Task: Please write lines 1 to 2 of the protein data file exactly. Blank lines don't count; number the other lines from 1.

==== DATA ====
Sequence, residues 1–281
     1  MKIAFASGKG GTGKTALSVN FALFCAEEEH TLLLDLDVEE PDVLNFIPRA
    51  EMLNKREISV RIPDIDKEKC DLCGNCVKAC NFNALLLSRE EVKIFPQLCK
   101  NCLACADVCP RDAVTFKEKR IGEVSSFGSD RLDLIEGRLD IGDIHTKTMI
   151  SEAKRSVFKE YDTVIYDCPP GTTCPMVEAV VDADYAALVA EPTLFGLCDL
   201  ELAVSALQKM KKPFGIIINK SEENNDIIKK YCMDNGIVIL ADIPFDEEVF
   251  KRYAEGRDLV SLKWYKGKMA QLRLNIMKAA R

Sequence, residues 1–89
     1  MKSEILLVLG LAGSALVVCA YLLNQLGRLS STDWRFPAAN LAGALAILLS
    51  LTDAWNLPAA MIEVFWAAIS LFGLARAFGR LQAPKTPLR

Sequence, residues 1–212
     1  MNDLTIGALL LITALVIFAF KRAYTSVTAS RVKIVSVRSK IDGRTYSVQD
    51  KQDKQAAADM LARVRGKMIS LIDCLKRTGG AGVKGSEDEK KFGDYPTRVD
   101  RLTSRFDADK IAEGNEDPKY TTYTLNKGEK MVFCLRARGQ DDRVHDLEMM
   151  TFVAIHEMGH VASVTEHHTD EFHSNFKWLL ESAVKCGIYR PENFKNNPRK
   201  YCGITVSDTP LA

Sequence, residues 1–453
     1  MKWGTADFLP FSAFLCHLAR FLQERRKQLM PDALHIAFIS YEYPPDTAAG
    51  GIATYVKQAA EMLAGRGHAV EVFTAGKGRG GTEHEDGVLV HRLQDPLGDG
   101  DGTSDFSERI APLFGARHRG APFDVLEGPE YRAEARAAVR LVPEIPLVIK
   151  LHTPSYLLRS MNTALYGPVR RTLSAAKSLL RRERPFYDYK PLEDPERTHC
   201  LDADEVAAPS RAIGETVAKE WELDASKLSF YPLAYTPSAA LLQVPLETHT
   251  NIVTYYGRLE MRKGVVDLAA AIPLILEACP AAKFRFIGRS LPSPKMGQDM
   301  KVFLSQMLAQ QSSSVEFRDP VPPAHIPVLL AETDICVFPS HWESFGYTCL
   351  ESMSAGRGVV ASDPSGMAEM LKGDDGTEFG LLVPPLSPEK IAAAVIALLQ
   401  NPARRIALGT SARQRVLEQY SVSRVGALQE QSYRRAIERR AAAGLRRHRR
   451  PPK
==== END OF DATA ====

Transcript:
Sequence, residues 1–281
     1  MKIAFASGKG GTGKTALSVN FALFCAEEEH TLLLDLDVEE PDVLNFIPRA